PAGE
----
Prescription of action for medical malpractice

Dear PAO,

Can I know the limitation period for filing a complaint for medical malpractice? My sister is still suffering from the after effects of her unfortunate surgery and only wishes to be informed of said period until she deems it appropriate and necessary to file the appropriate case for such malpractice.

Sarah

Dear Sarah,

The answer to your question is four years from the time of the alleged medical malpractice. The basis for such a period is found in the provisions of Republic Act 386, also known as the “New Civil Code of the Philippines”. For your information, article 2176 in relation to article 1146 of the said law reads as follows:

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“Article 2176. Whoever by act or omission causes damage to another, whether through fault or negligence, is bound to repair the damage caused. This fault or negligence, if there is no pre-existing contractual relationship between the parties, is called a quasi-tort and is governed by the provisions of this chapter.

“Section 1146. The following actions must be brought within four years: “(1) On infringement of the plaintiff’s rights;

“(2) On a quasi-delict;” (Underlining and underlining provided)

With regard to the above, the Supreme Court, in the recent case De Jesus v. Uyloan (GR 234851. February 15, 2022), written by Chief Justice Alexander Gesmundo, reiterates that for the type of negligence committed by members of the the medical profession is also covered by the provision of the New Civil Code on quasi-delict which prescribes in four years, namely:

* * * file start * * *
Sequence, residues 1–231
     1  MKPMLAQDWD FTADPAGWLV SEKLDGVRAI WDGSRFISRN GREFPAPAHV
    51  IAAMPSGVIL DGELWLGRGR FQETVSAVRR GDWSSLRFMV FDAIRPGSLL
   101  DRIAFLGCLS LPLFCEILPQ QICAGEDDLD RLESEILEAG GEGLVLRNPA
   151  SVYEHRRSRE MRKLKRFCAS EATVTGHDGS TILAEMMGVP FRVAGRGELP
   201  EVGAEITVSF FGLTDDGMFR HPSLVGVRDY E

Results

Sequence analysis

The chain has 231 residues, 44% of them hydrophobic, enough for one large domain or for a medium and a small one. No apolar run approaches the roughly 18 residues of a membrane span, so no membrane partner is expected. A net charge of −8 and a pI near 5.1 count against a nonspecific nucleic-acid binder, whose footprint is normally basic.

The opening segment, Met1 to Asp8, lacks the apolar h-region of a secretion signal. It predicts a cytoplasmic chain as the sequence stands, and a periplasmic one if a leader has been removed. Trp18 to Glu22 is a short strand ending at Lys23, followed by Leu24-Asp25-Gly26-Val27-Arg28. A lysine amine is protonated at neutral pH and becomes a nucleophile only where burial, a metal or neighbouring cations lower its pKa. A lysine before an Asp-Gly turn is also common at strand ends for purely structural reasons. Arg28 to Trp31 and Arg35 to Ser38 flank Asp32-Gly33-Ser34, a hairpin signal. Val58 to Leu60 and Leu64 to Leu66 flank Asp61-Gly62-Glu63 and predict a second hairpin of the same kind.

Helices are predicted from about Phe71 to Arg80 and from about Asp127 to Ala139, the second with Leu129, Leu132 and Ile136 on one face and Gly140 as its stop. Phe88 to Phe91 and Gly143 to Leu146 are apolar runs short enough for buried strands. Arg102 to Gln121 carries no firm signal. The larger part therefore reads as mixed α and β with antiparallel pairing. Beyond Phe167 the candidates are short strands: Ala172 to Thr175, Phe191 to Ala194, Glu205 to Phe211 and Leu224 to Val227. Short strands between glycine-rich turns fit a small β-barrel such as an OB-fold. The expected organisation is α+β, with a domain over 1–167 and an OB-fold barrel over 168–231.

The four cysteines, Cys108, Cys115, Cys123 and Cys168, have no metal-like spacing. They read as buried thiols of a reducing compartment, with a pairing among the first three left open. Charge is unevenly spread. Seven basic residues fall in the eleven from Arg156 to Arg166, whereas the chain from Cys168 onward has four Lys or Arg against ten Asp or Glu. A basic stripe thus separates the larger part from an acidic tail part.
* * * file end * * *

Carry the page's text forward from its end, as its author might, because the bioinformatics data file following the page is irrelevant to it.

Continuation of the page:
“In the absence of a specific law tailored to the type of negligence committed by members of the medical profession in this jurisdiction, such a claim for damages is almost always anchored on the alleged violation of art. 2176 of the Civil Code , which states that:

” ART. 2176. Whoever by act or omission causes damage to another, whether through fault or negligence, is bound to repair the damage caused. This fault or negligence, if there is no pre-existing contractual relationship between the parties, is called a quasi-delict and is governed by the provisions of this chapter. (Underlining and underlining provided)

Nevertheless, as was held in the De Jesus v. Uyloan case mentioned above, the only time an otherwise tortious act of medical malpractice or quasi-tort case can be removed from such cases and construed as a breach of contract which prescribes in six years for a verbal contract or 10 years for a written contract, would on the occasion of a successful allegation that the medical malpractice claim is actually based on the breach of an express promise to to provide medical treatment or to obtain a specific result, as well as:

“Thus, where the complaint contains allegations of the foregoing and the defendant physician failed to observe such degree of care which caused injury or harm to the plaintiff patient, the cause of action is a cause of medical negligence under tort rather than contract law .X xx

“There is no mention of any express promise on the part of the defendant physicians to provide medical treatment or to achieve a specific result. The absence of an express agreement as the basis for contractual liability is apparent from the mere invocation of an implicit contract between the parties X xx

“We believe that a mere reference to an implied contract between physician and patient, generally, is insufficient to plead a cause of action under the contractual theory of malpractice. A medical malpractice action based on a contract must allege an express promise to provide medical treatment or to achieve a specific result.” (Emphasis and underlining provided)

Therefore, applying the said law and case law to your request, if the complaint does not state an express promise of result or specific medical treatment, the general rule of medical negligence which prescribes in four years the premise of breach of duty Physician’s skill and care professionals, or their improper performance apply.

We hope we were able to answer your questions. Remember that this advice is based solely on the facts you have reported and our assessment of them. Our opinion may change when other facts are changed or elaborated.

Editor’s note: Dear PAO is a daily chronicle of the public ministry. Questions for Chef Acosta can be sent to [email protected]

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